Villanueva is one of the more versatile pitchers on the free agent market
How does a team replace a starting pitcher who dazzled opposing batters with an almost un-hittable, floating pitch, won over fans with a quirky, folk-hero personality, and worked so hard to finally live-up to his former first-round pick status an incredible fourteen years after the fact?
As witnessed by Zack Greinke‘s six-year, $147 million free agent contract (worth upwards of $158 million with all the incentives) and even the presumed Dickey trade on the table, finding an elite pitcher via free agency or on trade market is an endeavor the Mets can not and should not participate in.
And that’s why the Mets should, instead, sign Carlos Villanueva.
Villanueva is one of the more versatile pitchers on the free agent market.
Even though he started thirteen and sixteen games, respectively, over the past two seasons—both career highs–the 29 year-old right-hander also has significant experience as a reliever too. In fact, the Dominican-native has entered 245 games as a reliever, and finished fifty-nine of them.
And even though Villanueva’s career role-splits favorably label him as a reliever (.224/.303/.374 as a RP, .273/.328/.476 as a SP), that doesn’t mean the pitcher isn’t a capable, valuable starter.
The beginning of the righty’s 2011 season started much like the beginning of his 2012.
Villanueva was slotted as a reliever for the Blue Jays, but due to injuries, he got a crack at the rotation.
In his first nine starts in 2011, Villanueva appeared to be a diamond in the rough, posting a 3.67 ERA, 1.20 WHIP, and 2.53 K/BB (along with a .249/.298/.349 line against).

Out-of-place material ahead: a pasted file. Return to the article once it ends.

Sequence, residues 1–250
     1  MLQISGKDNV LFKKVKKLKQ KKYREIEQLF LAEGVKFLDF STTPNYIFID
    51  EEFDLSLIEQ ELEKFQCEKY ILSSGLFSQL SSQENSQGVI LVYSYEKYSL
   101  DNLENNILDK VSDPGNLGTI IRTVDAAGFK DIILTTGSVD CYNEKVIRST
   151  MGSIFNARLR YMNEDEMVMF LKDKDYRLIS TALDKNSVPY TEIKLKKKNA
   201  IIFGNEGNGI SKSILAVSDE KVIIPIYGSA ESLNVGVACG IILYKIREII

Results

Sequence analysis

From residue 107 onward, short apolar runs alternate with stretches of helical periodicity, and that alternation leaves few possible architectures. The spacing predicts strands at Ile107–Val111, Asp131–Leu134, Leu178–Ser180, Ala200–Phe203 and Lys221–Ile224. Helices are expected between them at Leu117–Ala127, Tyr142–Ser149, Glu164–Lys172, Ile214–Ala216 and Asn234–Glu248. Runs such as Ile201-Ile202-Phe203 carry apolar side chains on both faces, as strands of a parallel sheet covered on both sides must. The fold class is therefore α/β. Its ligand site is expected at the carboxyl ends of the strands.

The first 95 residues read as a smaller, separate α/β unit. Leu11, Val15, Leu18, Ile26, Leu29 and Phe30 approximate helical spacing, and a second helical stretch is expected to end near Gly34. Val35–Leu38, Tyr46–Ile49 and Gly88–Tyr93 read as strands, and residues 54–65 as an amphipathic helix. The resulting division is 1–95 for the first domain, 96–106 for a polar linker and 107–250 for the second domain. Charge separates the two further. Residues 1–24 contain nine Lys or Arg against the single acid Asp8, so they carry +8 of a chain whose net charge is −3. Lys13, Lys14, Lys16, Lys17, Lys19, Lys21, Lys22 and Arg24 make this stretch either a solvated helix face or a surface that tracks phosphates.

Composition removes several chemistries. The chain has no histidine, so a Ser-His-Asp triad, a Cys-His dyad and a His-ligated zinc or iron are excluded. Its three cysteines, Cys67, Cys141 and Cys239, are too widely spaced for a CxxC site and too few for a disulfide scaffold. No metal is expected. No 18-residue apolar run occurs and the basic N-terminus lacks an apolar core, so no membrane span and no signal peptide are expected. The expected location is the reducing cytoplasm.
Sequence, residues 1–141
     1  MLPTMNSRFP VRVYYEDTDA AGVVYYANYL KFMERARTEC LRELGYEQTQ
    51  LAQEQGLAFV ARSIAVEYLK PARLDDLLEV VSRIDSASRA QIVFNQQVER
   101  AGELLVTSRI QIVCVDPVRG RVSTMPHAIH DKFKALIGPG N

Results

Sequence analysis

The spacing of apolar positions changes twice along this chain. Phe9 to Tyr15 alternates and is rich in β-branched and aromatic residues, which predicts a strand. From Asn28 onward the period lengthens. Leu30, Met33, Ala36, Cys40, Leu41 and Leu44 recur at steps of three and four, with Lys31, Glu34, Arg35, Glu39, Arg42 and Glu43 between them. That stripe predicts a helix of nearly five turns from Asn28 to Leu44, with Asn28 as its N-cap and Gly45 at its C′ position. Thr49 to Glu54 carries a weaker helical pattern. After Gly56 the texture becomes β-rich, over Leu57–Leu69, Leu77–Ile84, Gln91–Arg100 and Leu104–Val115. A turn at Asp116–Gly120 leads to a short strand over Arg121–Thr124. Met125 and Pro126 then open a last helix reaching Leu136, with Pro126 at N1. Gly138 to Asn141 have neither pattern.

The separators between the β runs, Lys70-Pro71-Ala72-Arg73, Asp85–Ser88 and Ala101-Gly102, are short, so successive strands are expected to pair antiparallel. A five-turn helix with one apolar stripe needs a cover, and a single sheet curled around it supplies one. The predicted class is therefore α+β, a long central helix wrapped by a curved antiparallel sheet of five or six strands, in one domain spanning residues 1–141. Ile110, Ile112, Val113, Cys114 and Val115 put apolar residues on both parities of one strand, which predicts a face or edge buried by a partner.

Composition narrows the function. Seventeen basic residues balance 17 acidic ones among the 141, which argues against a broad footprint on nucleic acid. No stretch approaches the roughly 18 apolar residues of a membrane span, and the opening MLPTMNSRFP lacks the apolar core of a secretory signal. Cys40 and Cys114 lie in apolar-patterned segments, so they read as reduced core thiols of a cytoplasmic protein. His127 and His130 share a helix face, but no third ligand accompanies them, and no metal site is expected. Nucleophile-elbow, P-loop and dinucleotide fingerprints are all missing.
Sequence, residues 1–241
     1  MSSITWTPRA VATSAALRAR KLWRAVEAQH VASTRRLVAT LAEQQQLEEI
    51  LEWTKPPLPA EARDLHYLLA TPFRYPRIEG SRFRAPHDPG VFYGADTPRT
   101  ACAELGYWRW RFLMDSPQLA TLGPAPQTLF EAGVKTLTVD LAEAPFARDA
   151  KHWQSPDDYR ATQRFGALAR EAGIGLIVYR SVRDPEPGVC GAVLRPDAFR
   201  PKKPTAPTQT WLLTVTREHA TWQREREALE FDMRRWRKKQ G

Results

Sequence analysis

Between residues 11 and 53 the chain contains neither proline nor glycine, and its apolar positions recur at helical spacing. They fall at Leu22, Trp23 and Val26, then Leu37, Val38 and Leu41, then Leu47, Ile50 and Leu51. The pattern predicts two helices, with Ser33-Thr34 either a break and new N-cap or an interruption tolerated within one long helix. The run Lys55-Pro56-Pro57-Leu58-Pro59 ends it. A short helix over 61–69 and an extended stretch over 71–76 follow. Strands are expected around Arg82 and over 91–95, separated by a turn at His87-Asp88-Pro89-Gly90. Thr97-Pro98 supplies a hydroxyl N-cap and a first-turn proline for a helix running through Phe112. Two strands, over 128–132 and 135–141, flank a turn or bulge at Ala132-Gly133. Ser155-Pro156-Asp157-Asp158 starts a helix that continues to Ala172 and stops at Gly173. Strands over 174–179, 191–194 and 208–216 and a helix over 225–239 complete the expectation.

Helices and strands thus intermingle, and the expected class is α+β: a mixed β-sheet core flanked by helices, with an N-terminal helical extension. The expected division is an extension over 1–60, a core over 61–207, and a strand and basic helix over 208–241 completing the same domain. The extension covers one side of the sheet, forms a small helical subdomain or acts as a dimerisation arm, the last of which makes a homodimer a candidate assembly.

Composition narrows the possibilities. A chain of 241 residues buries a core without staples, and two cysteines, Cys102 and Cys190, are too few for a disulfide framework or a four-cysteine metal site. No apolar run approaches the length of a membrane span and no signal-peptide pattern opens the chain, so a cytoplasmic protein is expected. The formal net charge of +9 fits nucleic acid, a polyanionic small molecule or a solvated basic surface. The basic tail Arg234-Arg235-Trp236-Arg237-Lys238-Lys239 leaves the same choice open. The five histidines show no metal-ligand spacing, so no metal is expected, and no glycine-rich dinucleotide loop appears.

But while the job was his to lose, lose it he did. Over the course of his next four starts, the pitcher hurled an ugly 9.31 ERA, 1.86 WHIP, and 3.00 K/BB. To put it in perspective, opposing hitters smacked a .367/.385/.644 line against.
The Blue Jays quickly yanked the fading Villanueva from the rotation, and placed him back in their bullpen, where he remained for the rest of the season.
Overall, his 4.04 ERA, 1.26 WHIP, and 2.13 K/BB in 2011 was a fruitful season–worth 1.8 WAR, in fact–but his late-season breakdown as a starter for sure cost him a rotation opportunity heading into 2012.
Yet, similar to 2011, Villanueva again got the call when injury struck. Starting in late-June–and over the course of eleven starts–Villanueva more or less dominated the American League.
The righty pitched to the tune of a 3.03 ERA, 1.08 WHIP, and 3.82 K/BB. Opposing hitters only managed a mere .227/.279/.374 line against to boot. With his impending free agency, many thought Villanueva was in-line for a rewarding extension.
However–like clockwork–the pitcher simply could not finish strong. In the month of September, Villanueva spun out of control, posting a dismal 8.10 ERA, 1.53 WHIP, 2.62 K/BB, with a horrendous .314/.357/.686 line against.
Instead of securing the extension he, a month earlier, deserved, Villanueva was now met with doubts about his durability from the Blue Jays front office.
Since the end of the season, the Toronto Blue Jays have been the busiest team in baseball, building what could perhaps be their first World Series-caliber team since the early-1990’s.
While it’s possible Villanueva could return to the Blue Jays as a full-time reliever, if the 29 year-old truly wants to be a starting pitcher, it would most likely have to be outside of Toronto.
Considering his consecutive end-of-season fades, the concerns about his durability as a dependable starter are just.
But with Zack Wheeler waiting in the wings, the Mets don’t need Villanueva to be a 200-inning horse (though I’m sure the Mets wouldn’t complain).
If Carlos Villanueva could give the Mets his now-usual nine-to-eleven quality starts, and hand the keys over to “the future” later in the season, it would be a prudent signing for the rebuilding franchise.